Framed albums from the Ike & Tina days carry the theme throughout. Isaac Hayes grins along, but the space seems almost too big and airy for the homestyle cooking and soul food dishes being served. Nonetheless, Youngblood's would do well to keep its lofty space in Midtown where it offers something you can't find anywhere else in Atlanta.
What we ate: Sam Cooke Spinach Nachos. James Brown Burger. Lil' Richard's Mushroom Sandwich? It doesn't always work, but the theme is everywhere. It was enough to attract one friend to the Big O-Otis Redding Baby Back Ribs. The half rack of ribs spills over the plate and comes with coleslaw and a choice of baked beans or French fries ($13.95). You figure out if you can turn 'em loose. Marvin Gaye's Pork Chop sandwich ($7.25) is two thick chops deep-fried and placed on a sesame bun -- touted on the menu as "ain't nothing like the real thing," which mainly just left me wondering.
There's also the Mittie Collier Grilled Chicken Breast sandwich ($6.95) and the Ray Charles Caesar salad ($6.50), but what keeps people coming back time after time is the Aretha Franklin's Do Right Catfish ($6.95). Just about every table had a plate of the catfish (if not two or three). The two whole catfish are deep-fried and served with coleslaw and fries.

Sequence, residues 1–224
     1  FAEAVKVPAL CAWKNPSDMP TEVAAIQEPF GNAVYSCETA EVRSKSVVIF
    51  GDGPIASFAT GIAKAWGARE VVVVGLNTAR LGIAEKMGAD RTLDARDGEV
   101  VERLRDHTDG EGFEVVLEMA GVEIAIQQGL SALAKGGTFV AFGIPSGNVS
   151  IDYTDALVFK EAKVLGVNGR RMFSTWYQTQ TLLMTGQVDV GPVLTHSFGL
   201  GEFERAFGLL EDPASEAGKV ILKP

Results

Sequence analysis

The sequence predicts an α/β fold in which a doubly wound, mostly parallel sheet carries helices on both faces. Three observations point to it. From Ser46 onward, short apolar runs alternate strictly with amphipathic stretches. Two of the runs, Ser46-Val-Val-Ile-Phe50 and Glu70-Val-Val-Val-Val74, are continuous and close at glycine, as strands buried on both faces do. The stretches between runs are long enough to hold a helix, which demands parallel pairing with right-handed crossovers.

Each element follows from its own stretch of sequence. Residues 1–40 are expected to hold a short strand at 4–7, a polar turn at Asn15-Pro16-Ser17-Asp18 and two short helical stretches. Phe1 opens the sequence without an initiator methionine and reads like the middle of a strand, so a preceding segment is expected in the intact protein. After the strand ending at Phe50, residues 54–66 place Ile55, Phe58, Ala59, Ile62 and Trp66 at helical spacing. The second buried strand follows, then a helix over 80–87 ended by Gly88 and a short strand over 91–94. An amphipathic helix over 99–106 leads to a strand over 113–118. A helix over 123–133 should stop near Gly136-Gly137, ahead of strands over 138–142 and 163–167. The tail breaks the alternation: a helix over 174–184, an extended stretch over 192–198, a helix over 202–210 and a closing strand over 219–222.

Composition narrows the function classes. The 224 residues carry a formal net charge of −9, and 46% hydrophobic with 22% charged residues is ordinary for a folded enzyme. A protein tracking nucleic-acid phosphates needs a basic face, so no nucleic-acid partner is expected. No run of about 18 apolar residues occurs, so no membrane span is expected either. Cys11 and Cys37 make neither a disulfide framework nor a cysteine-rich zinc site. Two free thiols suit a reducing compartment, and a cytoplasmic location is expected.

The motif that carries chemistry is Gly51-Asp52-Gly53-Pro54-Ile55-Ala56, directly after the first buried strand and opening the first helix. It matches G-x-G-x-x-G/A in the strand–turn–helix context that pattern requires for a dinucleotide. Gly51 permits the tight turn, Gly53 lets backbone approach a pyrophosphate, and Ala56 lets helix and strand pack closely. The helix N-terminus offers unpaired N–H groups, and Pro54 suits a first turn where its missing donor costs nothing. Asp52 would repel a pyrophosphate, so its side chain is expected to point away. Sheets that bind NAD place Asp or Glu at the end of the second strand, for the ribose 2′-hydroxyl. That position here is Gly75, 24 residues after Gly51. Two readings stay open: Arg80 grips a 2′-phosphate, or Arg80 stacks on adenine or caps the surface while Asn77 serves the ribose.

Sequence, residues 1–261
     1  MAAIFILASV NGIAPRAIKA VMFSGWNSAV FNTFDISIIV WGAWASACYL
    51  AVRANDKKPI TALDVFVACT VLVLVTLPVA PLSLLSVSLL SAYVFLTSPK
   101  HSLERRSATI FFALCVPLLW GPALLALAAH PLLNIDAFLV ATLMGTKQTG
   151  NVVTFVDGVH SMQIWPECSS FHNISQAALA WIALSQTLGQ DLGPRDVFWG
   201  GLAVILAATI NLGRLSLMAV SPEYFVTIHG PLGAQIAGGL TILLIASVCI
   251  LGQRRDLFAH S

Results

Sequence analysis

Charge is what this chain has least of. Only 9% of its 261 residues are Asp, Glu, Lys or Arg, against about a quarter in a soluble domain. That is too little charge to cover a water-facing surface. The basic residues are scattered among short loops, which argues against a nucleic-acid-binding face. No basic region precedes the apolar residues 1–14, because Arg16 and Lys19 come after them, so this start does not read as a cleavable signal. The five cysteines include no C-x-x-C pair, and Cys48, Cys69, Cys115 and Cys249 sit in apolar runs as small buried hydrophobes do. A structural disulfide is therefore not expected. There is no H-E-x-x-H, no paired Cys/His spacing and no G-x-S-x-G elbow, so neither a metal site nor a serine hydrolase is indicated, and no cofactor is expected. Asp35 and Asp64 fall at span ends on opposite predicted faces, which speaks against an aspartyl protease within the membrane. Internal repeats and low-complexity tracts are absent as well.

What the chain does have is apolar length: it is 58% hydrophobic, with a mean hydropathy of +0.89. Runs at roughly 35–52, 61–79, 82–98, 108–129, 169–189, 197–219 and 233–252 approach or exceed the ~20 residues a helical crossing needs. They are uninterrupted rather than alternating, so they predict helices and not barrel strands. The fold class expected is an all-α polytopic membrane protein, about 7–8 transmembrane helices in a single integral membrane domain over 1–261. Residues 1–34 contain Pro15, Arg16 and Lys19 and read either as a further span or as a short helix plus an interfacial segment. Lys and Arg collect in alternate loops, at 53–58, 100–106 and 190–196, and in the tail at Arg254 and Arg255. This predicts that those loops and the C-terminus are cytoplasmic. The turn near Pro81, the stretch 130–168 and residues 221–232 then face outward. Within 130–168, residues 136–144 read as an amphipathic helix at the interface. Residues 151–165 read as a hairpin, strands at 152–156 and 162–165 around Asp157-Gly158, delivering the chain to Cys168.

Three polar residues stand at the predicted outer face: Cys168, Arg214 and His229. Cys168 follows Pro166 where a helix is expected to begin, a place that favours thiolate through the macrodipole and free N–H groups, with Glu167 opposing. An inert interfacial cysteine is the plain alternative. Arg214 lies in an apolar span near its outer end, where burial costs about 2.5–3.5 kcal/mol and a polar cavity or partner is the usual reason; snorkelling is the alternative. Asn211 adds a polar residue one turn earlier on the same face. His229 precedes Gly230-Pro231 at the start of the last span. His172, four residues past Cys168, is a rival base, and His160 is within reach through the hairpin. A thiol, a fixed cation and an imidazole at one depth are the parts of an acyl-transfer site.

And don't forget dessert. The homemade banana pudding ($3.95) is served warm with a thick layer of meringue and loads of vanilla wafers and banana chunks. No R&B product placement needed.
Service: The servers are still learning how to quickly move things from the kitchen to the table, but as soon as they get their groove on, there won't be crying no more.
Most expensive item: The Gene Chandler T-bone steak'll set you back nearly $15. But the "Duke of Earl's" 16-ounce slab of meat is served with grilled onions and mushrooms with vegetables and a choice of a great big baked potato or fries.
Cheapest item: The Etta James Cheese Trio Taco ($3.95) includes three cheeses between flour tortillas and a dipping sauce of your choice. "At Last!"
Who to take: R&B fans will either be overjoyed to partake from the table of their songsters or offended by the tag lines inserted to sell. But whatever the response to the themes and titles, there's no knocking the mean, real mean food.